The Green in Black

I look for the green tinge in the black paint. When it isn’t there, I know my eyes have adjusted, finally. I feel my hind legs straighten almost all the way, which is supposed to be a sign of something. Then there is the fur that comes out in clumps whenever she touches the skin underneath. Could the energy of it rupture something as sibling as these quick moments woven into one another?

*

The bonds between cells, which the plant material releases are wet paint, never had a chance to harden, crushed beneath a stride.

*

There is no healing. Not for anyone in this world. The work of healing is distraction, an occupation like any other, towards an empty eventual fall, a failing, there is no healing, not from anything. There is the moment of being passed through by life, and there is chemistry, and there is the no-longer.

*

I reach into your solar plexus all the way up to my elbow, and I hear the gushing, when my arm comes out it is coated with mud, and the touch of the world dries the mud so quickly it pinches my skin like tiny slaps before it crackles and flakes off, dusting my feet.

*

So little in the grain of the table is free from association with the things I own as a girl, these thighs, the striation in the skin goes both ways, up-down-left-right, and then some associative, diagonal nonsense.

*

My teapot is somewhat green, my cup is black. There are other colours and tints in all of this, like silver and white, but those don’t blend in with previously written words.

*

I think of the fact that I’ve never liked drinking from straws, or sucking at those water bottles that come with nubs. I’ve not been fed by breasts that way, I’ve been fed by rubber, and I’ve had enough, I think, of all this sucking.

I’m hungry, not for the difficult pull that constricts the throat and makes eyes bulge, but for the wide gulp of liquid tumbling in, the flow inward, unconstricted, a fall the size of an apple, into the mouth open as a well.

*

I don’t close my eyes during daylight hours. There is too much that could be missed, and I still haven’t earned my passport to life, after all I have spent years not really partaking, feeling so separate that I was convinced I would never die. Now every beam is something to be soaked up, something to be put aside for later use. As you can tell, I still postpone, but at least I consider the world something to be partaken in, in whatever way I can.

*

Money can be thrown at objects and it places them into your hand, it’s like magic. Food can be put into the mouth, then ferried into the stomach, and from there into the blood. It’s amazing. I can drink and speak and hear and see. I don’t know what to do with any of what I take on, but I’ll take it, who am I to say no?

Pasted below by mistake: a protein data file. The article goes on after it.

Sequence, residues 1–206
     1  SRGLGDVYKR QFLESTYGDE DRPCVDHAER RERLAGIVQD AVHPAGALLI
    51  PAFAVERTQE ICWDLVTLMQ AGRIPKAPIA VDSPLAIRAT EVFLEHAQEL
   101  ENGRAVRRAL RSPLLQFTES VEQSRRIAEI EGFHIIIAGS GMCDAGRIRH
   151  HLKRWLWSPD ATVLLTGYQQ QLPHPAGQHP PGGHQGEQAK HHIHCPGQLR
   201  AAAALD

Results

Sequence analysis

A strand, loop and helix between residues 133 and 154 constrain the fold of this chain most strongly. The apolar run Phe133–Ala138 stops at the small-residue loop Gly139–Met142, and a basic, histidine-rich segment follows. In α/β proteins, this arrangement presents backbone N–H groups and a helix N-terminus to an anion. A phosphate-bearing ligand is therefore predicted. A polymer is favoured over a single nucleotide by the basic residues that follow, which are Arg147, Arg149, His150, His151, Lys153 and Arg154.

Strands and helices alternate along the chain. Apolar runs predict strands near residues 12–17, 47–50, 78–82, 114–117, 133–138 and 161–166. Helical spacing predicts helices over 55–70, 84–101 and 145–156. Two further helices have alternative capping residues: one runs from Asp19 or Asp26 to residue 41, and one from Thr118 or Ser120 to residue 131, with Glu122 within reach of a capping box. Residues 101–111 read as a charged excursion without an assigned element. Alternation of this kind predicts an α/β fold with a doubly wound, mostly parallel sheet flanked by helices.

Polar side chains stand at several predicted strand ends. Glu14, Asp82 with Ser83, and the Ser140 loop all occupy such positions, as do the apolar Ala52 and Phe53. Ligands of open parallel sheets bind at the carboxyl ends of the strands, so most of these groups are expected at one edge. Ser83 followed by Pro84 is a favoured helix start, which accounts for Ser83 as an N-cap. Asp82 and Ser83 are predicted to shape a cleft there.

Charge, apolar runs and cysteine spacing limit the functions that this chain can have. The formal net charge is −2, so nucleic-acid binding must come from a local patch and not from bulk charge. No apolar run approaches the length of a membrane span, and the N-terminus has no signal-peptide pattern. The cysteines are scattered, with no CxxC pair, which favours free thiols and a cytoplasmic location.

*

I leave the day with armfuls of objects and words and pictures and thoughts, and I arrange them around my body every night in bed just in case I don’t wake up, and this is my way of saving my family and friends the effort to decide what to put in my grave.

*

We are Egyptian still, never got over that side of ourselves, and we still surround our dead with things, and I surround myself to pretend I live, just like the dead wear sheets and makeup, because it is spooky to look at them with their bones so slack in their faces, looking loose like the earth that calls them home to it.

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1987

Reminded of this piece by a friend who’s currently studying Beckett’s Words and Music for a seminar.

This is the Morton Feldman version of the radio play, his second collaboration with Beckett after 1977’s Neither. 

[This particular gem of a recording features the brilliant ensemble recherche as ‘Music’]

One

Let’s assume it is a myth that in order to start expressing yourself through any medium you first need something to say.

Let’s assume that content preceding form, identity preceding genesis, is bullshit. Let’s assume you think this way because what good is a myth to you now when you have never thought you had anything to say.

Not that you’ve spent 28 years not saying things, of course. You’ve spoken, and even written, plenty. Speaking and writing have been a vital part of many of those 28 years, most of which have been spent institutionalised – not in the madhouse sense, not in the clinical sense, but rather meaning your parents, both teachers in the 80s, got as much as three months to haul you from uterus to hospital room and from hospital room to their flat, after which they were expected to return to work, so your mother found
a lovely and convenient day-care centre where, from the age of three months, you spent five to six hours every day while your parents were at work, and you pretty much have been in school ever since.

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